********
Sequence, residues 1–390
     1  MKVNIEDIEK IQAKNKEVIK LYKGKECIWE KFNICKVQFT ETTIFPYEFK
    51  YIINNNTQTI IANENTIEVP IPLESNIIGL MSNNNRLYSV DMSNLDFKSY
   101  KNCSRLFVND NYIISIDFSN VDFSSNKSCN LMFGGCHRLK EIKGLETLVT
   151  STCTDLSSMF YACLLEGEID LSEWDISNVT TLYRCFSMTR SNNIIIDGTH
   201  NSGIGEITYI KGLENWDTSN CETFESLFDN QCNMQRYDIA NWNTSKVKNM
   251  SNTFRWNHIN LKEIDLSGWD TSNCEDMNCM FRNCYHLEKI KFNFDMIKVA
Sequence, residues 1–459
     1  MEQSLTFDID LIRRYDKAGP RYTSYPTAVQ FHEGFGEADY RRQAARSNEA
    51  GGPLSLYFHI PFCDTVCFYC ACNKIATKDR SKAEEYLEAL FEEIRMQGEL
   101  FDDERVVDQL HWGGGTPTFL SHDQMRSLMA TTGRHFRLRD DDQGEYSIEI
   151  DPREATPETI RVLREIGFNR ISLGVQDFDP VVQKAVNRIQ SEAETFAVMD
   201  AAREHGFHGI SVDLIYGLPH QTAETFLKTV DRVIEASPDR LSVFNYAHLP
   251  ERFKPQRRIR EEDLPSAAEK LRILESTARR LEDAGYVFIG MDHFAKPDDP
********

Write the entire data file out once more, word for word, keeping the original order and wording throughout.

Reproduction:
Sequence, residues 1–390
     1  MKVNIEDIEK IQAKNKEVIK LYKGKECIWE KFNICKVQFT ETTIFPYEFK
    51  YIINNNTQTI IANENTIEVP IPLESNIIGL MSNNNRLYSV DMSNLDFKSY
   101  KNCSRLFVND NYIISIDFSN VDFSSNKSCN LMFGGCHRLK EIKGLETLVT
   151  STCTDLSSMF YACLLEGEID LSEWDISNVT TLYRCFSMTR SNNIIIDGTH
   201  NSGIGEITYI KGLENWDTSN CETFESLFDN QCNMQRYDIA NWNTSKVKNM
   251  SNTFRWNHIN LKEIDLSGWD TSNCEDMNCM FRNCYHLEKI KFNFDMIKVA
Sequence, residues 1–459
     1  MEQSLTFDID LIRRYDKAGP RYTSYPTAVQ FHEGFGEADY RRQAARSNEA
    51  GGPLSLYFHI PFCDTVCFYC ACNKIATKDR SKAEEYLEAL FEEIRMQGEL
   101  FDDERVVDQL HWGGGTPTFL SHDQMRSLMA TTGRHFRLRD DDQGEYSIEI
   151  DPREATPETI RVLREIGFNR ISLGVQDFDP VVQKAVNRIQ SEAETFAVMD
   201  AAREHGFHGI SVDLIYGLPH QTAETFLKTV DRVIEASPDR LSVFNYAHLP
   251  ERFKPQRRIR EEDLPSAAEK LRILESTARR LEDAGYVFIG MDHFAKPDDP